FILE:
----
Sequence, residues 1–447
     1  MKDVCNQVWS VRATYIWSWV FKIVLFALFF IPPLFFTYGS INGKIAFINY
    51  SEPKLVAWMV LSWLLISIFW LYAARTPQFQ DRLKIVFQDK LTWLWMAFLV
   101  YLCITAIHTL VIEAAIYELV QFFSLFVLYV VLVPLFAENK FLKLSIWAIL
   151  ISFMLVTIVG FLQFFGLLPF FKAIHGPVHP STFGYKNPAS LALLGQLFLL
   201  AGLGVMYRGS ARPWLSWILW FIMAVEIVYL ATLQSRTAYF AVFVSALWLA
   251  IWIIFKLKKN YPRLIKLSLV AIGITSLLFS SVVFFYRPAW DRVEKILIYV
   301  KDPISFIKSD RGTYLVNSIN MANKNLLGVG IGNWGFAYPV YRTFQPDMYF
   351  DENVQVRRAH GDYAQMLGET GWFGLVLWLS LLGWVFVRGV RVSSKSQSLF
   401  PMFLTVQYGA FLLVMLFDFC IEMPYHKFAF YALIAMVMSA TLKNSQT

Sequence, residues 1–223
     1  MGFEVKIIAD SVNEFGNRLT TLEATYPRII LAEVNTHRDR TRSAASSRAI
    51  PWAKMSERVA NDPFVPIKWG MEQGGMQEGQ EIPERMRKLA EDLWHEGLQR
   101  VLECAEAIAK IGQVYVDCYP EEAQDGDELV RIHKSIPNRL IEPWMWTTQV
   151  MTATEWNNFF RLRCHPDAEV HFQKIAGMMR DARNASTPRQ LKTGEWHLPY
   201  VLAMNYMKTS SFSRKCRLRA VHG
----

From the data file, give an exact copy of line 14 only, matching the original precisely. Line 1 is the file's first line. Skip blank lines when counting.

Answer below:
   101  VLECAEAIAK IGQVYVDCYP EEAQDGDELV RIHKSIPNRL IEPWMWTTQV